Former President ObamaBarack Hussein ObamaEmanuel to take hot seat in Senate confirmation hearing Public officials are under physical and digital siege We must protect and support our health care safety net MORE deserves more credit for the strong U.S. economy than President TrumpDonald TrumpTrump defends indicted GOP congressman House to vote Thursday on holding Bannon in contempt Youngkin calls for investigation into Loudoun County School Board amid sexual assault allegations MORE, according to MSNBC's Joe Scarborough.
"Yeah, it's a strong economy," Scarborough told "Morning Joe" co-host Mika Brzezinski. "But Mika, this is not an economy that Donald Trump gave us. This is an economy that's part of the seven year ongoing recovery."
Scarborough also said this "isn't the greatest economy ever" and that it "isn't close to the greatest economy ever."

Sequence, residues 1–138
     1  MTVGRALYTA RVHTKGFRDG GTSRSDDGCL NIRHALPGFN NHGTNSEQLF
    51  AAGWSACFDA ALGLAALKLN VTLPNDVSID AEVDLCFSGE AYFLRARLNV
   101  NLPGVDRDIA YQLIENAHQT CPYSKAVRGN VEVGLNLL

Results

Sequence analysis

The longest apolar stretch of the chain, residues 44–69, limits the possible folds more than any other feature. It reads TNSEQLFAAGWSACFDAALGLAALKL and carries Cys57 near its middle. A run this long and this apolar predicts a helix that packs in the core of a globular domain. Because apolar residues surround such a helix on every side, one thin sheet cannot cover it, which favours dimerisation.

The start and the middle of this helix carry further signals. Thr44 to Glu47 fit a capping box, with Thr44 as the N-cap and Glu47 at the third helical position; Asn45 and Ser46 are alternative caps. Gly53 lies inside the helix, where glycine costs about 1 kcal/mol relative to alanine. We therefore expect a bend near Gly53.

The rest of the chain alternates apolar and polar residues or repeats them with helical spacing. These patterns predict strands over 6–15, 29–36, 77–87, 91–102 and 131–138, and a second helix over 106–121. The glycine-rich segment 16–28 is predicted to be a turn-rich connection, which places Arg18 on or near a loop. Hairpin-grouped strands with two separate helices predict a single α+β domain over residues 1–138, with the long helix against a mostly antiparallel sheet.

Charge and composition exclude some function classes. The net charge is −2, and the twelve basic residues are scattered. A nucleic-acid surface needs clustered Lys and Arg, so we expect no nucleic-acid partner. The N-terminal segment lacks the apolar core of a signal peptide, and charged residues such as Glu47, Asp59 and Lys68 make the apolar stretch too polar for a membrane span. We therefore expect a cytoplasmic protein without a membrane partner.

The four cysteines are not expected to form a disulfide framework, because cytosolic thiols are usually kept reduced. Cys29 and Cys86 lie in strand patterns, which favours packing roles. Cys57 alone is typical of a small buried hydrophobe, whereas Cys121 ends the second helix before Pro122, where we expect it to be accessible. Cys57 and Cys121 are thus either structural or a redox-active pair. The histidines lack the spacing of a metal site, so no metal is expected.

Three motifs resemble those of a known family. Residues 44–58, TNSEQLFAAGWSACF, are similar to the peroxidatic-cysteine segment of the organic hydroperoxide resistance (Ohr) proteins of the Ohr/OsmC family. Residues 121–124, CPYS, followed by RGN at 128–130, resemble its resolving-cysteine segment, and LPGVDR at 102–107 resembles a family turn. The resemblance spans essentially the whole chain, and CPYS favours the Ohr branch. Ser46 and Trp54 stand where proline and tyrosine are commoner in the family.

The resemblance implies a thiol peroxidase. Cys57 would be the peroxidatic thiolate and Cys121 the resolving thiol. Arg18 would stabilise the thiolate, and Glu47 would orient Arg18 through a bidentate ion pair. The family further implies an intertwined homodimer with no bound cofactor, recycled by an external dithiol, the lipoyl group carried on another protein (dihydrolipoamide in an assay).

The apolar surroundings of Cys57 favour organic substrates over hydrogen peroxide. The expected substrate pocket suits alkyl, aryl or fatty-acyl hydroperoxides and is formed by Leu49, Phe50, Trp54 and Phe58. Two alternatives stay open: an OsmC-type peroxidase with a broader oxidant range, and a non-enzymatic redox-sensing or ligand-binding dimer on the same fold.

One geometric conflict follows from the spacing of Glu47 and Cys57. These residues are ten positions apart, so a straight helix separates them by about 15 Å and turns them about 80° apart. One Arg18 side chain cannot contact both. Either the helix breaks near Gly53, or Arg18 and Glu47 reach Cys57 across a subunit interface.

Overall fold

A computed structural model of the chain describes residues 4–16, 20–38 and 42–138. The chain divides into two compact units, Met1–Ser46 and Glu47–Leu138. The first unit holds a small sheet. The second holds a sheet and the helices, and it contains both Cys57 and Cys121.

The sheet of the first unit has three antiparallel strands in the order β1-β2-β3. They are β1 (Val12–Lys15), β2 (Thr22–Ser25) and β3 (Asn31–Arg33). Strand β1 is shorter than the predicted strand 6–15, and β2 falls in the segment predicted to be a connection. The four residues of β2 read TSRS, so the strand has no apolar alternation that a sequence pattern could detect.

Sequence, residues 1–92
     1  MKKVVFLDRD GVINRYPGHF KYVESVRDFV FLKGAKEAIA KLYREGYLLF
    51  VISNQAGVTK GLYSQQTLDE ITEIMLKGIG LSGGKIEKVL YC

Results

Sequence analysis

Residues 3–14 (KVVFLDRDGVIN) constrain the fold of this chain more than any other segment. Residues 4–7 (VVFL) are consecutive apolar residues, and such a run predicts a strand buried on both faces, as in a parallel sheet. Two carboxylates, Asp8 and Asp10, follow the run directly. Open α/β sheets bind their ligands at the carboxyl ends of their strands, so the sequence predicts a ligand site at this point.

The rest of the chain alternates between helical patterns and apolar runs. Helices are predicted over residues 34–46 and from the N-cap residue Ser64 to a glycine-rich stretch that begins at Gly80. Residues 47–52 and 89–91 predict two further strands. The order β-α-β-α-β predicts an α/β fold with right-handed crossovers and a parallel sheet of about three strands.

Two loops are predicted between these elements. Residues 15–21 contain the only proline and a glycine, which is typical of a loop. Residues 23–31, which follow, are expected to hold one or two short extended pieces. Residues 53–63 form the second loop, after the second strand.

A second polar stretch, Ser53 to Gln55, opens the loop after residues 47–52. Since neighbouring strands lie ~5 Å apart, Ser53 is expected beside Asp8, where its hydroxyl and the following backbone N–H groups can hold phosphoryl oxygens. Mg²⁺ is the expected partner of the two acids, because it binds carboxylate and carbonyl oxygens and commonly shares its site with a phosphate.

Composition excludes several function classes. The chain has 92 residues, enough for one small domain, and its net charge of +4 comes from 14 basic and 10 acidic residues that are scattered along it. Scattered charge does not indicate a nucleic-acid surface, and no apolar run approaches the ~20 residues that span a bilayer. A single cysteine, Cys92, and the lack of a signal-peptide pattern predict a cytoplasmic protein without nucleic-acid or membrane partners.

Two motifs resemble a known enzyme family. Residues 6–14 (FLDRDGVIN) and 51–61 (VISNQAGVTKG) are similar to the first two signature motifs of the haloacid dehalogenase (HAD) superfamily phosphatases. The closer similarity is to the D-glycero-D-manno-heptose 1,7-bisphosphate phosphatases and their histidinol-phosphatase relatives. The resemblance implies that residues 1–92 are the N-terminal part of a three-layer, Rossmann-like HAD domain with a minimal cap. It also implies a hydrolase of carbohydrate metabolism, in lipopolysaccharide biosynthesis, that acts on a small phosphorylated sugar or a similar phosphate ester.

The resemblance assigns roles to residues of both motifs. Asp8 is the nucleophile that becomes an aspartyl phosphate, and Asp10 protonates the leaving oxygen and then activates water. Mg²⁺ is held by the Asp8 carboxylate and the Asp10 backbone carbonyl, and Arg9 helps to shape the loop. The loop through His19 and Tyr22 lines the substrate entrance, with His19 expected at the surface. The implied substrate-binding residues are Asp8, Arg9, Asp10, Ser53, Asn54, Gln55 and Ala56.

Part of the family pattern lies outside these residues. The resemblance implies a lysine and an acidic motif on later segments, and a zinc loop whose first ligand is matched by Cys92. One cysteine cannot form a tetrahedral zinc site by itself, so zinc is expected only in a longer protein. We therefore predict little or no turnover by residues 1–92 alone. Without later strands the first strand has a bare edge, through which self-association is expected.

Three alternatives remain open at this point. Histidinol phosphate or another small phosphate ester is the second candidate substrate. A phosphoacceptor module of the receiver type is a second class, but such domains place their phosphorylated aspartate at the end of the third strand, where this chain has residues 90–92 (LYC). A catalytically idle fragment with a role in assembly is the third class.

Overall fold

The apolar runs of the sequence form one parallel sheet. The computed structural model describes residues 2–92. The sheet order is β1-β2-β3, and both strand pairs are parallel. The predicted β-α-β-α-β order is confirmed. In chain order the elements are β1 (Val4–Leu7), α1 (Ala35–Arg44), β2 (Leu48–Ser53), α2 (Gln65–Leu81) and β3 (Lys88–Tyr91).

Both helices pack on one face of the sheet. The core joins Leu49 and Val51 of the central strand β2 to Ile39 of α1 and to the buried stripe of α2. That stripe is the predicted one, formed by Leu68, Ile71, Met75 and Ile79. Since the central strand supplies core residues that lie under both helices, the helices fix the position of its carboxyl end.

"Barack Obama had more people getting jobs his last 16 or 18 months than they had jobs during Donald Trump's first 16 or 18 months," he said.
Job growth has been strong under Trump, and the unemployment rate fell to 3.9 percent in July, according to government numbers released on Friday.
The economy also grew by 4.1 percent in the second quarter, a high mark that hasn't been hit in five years, though one that was also hit during four quarters in which Obama was president.
On Saturday, President Trump declared at a rally in Ohio that the U.S. is enjoying "the greatest economy in the history of our country," adding that a "red wave" could occur in November.
"Throughout 120 years, whoever has the White House tends to lose the midterms," Trump said.
"But we have the greatest economy in the history of our country. If the Democrats get in they are going to raise your taxes, you'll have crime all over the place and people pouring across our border. I think it's going to be a red wave."
According to a HarrisX/American Barometer poll released last week, voters are split on whether Trump and the Republican party deserve credit for the economy.
Forty-nine percent of respondents said they believed the Trump administration and Republicans deserve credit for recent economic growth, while 51 percent of those polled said they think the economy would have grown regardless of who was in the White House or controlled Congress.